Termination of Peter Rost
Peter Rost was vice president in charge of the endocrinology division at Pharmacia before its acquisition by Pfizer. During that time he raised concerns internally about kickbacks and off-label marketing of Genotropin, Pharmacia's human growth hormone drug. Pfizer reported the Pharmacia marketing practices to the FDA and Department of Justice; Rost was unaware of this and filed an FCA lawsuit against Pfizer. Pfizer kept him employed, but isolated him until the FCA suit was unsealed in 2005. The Justice Department declined to intervene, and Pfizer fired him, and he filed a wrongful termination suit against Pfizer. Pfizer won a summary dismissal of the case, with the court ruling that the evidence showed Pfizer had decided to fire Rost prior to learning of his whistleblower activities.
Illegal marketing of Rapamune
A "whistleblower suit" was filed in 2005 against Wyeth, which was acquired by Pfizer in 2009, alleging that the company illegally marketed sirolimus (Rapamune) for off-label uses, targeted specific doctors and medical facilities to increase sales of Rapamune, tried to get transplant patients to change from their transplant drugs to Rapamune, and specifically targeted African-Americans. According to the whistleblowers, Wyeth also provided doctors and hospitals that prescribed the drug with kickbacks such as grants, donations, and other money. In 2013, the company pleaded guilty to criminal mis-branding violations under the Federal Food, Drug, and Cosmetic Act. By August 2014, it had paid $491 million in civil and criminal penalties related to Rapamune.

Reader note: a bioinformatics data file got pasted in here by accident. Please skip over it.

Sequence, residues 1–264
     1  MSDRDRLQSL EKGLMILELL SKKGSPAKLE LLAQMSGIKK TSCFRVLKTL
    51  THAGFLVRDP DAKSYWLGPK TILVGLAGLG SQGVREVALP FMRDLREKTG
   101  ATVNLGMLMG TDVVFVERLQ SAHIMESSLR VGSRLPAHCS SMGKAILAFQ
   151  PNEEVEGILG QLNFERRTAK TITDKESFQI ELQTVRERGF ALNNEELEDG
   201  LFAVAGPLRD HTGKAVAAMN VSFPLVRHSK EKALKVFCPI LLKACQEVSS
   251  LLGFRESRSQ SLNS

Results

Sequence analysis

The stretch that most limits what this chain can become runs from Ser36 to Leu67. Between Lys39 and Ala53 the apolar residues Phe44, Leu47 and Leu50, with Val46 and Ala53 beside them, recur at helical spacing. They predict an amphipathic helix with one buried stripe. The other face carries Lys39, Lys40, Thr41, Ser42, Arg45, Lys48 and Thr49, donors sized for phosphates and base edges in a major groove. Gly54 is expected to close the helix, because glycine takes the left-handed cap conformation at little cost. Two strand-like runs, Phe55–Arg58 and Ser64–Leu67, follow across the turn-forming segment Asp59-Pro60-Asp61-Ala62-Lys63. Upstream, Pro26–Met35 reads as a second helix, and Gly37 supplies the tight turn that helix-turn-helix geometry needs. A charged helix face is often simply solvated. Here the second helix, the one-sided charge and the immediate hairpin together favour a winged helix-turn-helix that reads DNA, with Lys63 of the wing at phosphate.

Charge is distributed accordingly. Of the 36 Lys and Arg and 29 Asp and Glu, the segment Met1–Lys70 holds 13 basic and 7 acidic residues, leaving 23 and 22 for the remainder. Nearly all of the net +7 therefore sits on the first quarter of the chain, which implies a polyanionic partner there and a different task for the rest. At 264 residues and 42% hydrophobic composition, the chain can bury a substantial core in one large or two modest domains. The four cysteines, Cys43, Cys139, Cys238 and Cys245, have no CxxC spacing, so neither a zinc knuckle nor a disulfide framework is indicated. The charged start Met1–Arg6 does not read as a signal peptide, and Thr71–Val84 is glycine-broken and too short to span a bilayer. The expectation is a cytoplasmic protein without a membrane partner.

In June 2010, health insurance network Blue Cross Blue Shield (BCBS) filed a lawsuit against Pfizer for allegedly illegally marketing drugs Bextra, Geodon and Lyrica. BCBS alleged that Pfizer used kickbacks and wrongly persuaded doctors to prescribe the drugs. According to the lawsuit, Pfizer handed out 'misleading' materials on off-label uses, sent over 5,000 doctors on trips to the Caribbean or around the United States, and paid them $2,000 honoraria in return for listening to lectures about Bextra. Despite Pfizer's claims that "the company's intent was pure" in fostering a legal exchange of information among doctors, an internal marketing plan revealed that Pfizer intended to train physicians "to serve as public relations spokespeople." The case was settled in 2014 for $325 million. Fearing that Pfizer is "too big to fail" and that prosecuting the company would result in disruptions to Medicare and Medicaid, federal prosecutors instead charged a subsidiary of a subsidiary of a subsidiary of Pfizer, which is "nothing more than a shell company whose only function is to plead guilty."
Removal of ads after unflattering article
According to Harper's Magazine publisher John R. MacArthur, Pfizer withdrew "between $400,000 and a million dollars" worth of ads from Harper's Magazine following an unflattering article on depression medication.
Quigley Company asbestos